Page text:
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For their own good
Fifty years ago, they were screwed-up kids sent to the Florida School for Boys to be straightened out. But now they are screwed-up men, scarred by the whippings they endured. Read the story and see a video and portrait gallery.
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Dukes admits marijuana use
Revelation comes out at a chaotic divorce hearing.
By ABBIE VANSICKLE
Published July 17, 2007
Elijah Dukes speaks with his attorney Peter Meros during a hearing the details of child support costs and alimony on Monday morning.
[Times photo: Carrie Pratt]
[Times photo: Carrie Pratt]
NiShea Gilbert reacts to a statement by her estranged husband, Elijah Dukes, as he's questioned by her attorney, Catherine W. Real, right, during a hearing as how much he should be paying temporary child support to his wife and whether he should be paying alimony.
TAMPA - Troubled Devil Rays outfielder Elijah Dukes admitted under oath Monday that he smokes marijuana.
After Dukes' estranged wife accused the ballplayer of doing the drug "on a daily basis," Hillsborough Circuit Judge Kevin Carey asked Dukes if he uses it.
"Yes, I do," said Dukes, 23.
Although Dukes is also facing a misdemeanor marijuana possession charge in criminal court, his admission came during a civil court proceeding related to his ongoing divorce.
The judge ordered that Dukes, who recently returned from a Houston psychiatric center, undergo random drug tests, pay his wife about $3,300 a month temporary alimony and pay child support for the couple's two children.
Rays officials declined to comment.
Major League Baseball fines players but doesn't suspend them for marijuana use. The league is tougher on other illicit drugs.
Dukes has been under scrutiny since his estranged wife, NiShea Gilbert, 26, told the St. Petersburg Times that he threatened to kill her and their children. After weeks of controversy, the Devil Rays put Dukes on the temporary inactive list. He was optioned to Class A Vero Beach with the agreement that he will receive his $380,000 major-league salary. In the meantime, Gilbert filed for divorce.
Dukes' attorney told the judge the ballplayer had recently been treated in Houston for emotional issues and drug abuse.
The small courtroom quickly filled with tension as attorneys for Dukes and Gilbert sparred over everything from a suggestion of steroid use and alcohol abuse to pricey haircuts, car leases and sports apparel deals. They even debated which expert should handle the couple's mediation.
The judge described the case with the language of battle.
"I can tell you, Mr. Dukes, war is expensive," Carey said, adding, "You're going to pay for this war."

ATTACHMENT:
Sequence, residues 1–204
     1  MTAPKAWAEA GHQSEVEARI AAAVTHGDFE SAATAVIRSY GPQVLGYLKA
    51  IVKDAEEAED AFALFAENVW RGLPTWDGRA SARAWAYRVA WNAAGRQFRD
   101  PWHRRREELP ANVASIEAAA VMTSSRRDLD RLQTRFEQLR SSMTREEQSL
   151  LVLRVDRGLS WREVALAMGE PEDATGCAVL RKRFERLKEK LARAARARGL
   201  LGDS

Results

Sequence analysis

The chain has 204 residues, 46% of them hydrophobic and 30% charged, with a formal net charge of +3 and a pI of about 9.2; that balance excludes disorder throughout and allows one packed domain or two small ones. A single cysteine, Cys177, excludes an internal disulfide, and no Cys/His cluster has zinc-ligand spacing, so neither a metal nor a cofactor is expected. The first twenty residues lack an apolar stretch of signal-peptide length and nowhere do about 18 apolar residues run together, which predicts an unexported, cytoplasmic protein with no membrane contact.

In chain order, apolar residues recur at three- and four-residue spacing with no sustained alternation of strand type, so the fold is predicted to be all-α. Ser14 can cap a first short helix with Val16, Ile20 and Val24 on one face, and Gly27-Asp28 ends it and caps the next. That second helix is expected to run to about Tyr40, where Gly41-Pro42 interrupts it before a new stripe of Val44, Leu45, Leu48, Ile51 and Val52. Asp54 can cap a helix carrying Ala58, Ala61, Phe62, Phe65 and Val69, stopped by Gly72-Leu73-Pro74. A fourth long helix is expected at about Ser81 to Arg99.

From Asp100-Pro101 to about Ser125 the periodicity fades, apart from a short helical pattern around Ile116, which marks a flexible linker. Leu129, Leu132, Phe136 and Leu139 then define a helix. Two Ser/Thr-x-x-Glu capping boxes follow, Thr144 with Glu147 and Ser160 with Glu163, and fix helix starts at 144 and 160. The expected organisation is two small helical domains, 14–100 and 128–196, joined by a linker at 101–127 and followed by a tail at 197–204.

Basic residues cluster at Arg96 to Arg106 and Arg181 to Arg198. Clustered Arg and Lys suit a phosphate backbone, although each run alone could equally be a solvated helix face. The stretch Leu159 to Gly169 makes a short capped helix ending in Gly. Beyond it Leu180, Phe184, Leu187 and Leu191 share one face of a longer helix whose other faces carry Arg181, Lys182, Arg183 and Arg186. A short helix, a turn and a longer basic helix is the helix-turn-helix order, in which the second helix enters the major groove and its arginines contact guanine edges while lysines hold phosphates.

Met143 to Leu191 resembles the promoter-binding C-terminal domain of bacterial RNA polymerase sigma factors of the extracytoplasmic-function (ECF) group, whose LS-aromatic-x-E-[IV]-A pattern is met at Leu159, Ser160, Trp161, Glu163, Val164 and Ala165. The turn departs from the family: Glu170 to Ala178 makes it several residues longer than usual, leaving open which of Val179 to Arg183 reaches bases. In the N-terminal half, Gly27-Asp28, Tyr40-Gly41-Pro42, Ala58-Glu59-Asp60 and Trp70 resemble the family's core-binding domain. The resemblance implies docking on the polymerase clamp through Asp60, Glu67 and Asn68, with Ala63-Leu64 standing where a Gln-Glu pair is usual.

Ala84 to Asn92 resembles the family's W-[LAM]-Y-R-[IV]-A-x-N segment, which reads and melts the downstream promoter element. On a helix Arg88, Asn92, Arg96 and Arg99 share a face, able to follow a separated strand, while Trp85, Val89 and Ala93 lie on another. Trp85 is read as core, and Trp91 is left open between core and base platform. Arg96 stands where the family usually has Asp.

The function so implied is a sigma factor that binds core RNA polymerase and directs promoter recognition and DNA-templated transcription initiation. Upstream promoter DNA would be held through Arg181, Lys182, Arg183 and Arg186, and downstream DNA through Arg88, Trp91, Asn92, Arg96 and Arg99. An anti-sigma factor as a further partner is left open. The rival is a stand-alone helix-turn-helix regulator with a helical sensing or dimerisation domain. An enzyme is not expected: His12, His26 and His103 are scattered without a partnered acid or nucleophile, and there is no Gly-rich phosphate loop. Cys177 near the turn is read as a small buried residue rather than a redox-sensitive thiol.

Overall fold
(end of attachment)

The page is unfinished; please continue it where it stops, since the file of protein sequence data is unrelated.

Dukes appeared frustrated. He interrupted the judge, despite repeated warnings. He wadded yellow paper into the shape of a ball and tossed it in the air. He appeared confused during questioning about his finances, including whether the Devil Rays paid for his meals.
"We gotta eat," he finally answered, acknowledging the Rays paid for away-game food.
Both he and Gilbert spoke of their short-lived marriage.
The two met in 2003, married in 2006 and split in April 2007. Along the way, they had two children, now 2 and 3.
Gilbert, a teacher at Beth Shields Middle School in Ruskin, told the judge Dukes hadn't given her any money since the split.
Gilbert, who gave her income as $35,000 to $40,000 a year, said she had to take out two loans to make ends meet until school re-opens in August. In addition to child support, she asked for help with insurance and with therapy for their son, who is upset by the divorce.
She said her husband had a drug problem, used marijuana "during the day, night" and drank heavily, downing Patron tequila, Hennessy cognac and Smirnoff vodka "until he has passed out."
His substance abuse brought out anger in him, she said.
"Just very aggressive, hitting me, gets mad over minute things," she said.
Her attorney, Catherine Real, raised concerns about whether Dukes used steroids, noting his profession and displays of anger. She offered no evidence.
Major League Baseball tests all players at the start of the season for performance-enhancing drugs. MLB suspended Rays relief pitcher Juan Salas in May after he tested positive for a "performance-enhancing substance." The team reported no other failed tests.
Grady Irvin, a local attorney with experience representing professional sports figures, questioned Real's judgment for broaching the subject in open court.
"Statements like that can be very damaging to a person's career," he said. "You can get help if you have a temper. But if an allegation is out that you made the home runs you made this season because of steroids, that's hard to rectify."
Dukes aired his own complaints in court. He accused Gilbert of forging his name on insurance documents, raiding their joint bank account and taking money for herself without telling him.
He said he always provided financially for the kids.
The judge ordered Dukes to pay about $2,800 a month in child support, pending the results of a paternity test on one child.
Dukes went into few details about his drug use or the allegations of violence, other than to say: "Now, I'm at home trying to get better."
Staff writer Marc Topkin contributed to this report. Abbie VanSickle can be reached at 226-3373 or email@example.com.